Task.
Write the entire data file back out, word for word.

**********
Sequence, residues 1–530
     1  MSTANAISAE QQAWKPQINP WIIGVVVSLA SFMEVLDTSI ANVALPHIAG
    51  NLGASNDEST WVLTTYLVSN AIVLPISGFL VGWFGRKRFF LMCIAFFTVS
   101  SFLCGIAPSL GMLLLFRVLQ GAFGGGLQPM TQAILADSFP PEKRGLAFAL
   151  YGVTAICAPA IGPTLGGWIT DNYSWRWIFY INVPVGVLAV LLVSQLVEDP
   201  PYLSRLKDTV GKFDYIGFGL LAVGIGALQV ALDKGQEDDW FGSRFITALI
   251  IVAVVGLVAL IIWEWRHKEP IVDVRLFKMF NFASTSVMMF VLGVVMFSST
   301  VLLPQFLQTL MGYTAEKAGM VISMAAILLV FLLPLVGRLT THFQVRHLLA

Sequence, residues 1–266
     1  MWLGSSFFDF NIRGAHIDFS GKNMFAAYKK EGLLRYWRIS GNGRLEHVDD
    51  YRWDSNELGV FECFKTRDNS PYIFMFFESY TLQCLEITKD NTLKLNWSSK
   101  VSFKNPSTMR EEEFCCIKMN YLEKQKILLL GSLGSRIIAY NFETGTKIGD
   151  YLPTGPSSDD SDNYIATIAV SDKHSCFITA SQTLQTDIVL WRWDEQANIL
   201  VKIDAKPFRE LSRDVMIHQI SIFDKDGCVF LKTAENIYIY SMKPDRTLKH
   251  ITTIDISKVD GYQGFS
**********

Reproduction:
Sequence, residues 1–530
     1  MSTANAISAE QQAWKPQINP WIIGVVVSLA SFMEVLDTSI ANVALPHIAG
    51  NLGASNDEST WVLTTYLVSN AIVLPISGFL VGWFGRKRFF LMCIAFFTVS
   101  SFLCGIAPSL GMLLLFRVLQ GAFGGGLQPM TQAILADSFP PEKRGLAFAL
   151  YGVTAICAPA IGPTLGGWIT DNYSWRWIFY INVPVGVLAV LLVSQLVEDP
   201  PYLSRLKDTV GKFDYIGFGL LAVGIGALQV ALDKGQEDDW FGSRFITALI
   251  IVAVVGLVAL IIWEWRHKEP IVDVRLFKMF NFASTSVMMF VLGVVMFSST
   301  VLLPQFLQTL MGYTAEKAGM VISMAAILLV FLLPLVGRLT THFQVRHLLA

Sequence, residues 1–266
     1  MWLGSSFFDF NIRGAHIDFS GKNMFAAYKK EGLLRYWRIS GNGRLEHVDD
    51  YRWDSNELGV FECFKTRDNS PYIFMFFESY TLQCLEITKD NTLKLNWSSK
   101  VSFKNPSTMR EEEFCCIKMN YLEKQKILLL GSLGSRIIAY NFETGTKIGD
   151  YLPTGPSSDD SDNYIATIAV SDKHSCFITA SQTLQTDIVL WRWDEQANIL
   201  VKIDAKPFRE LSRDVMIHQI SIFDKDGCVF LKTAENIYIY SMKPDRTLKH
   251  ITTIDISKVD GYQGFS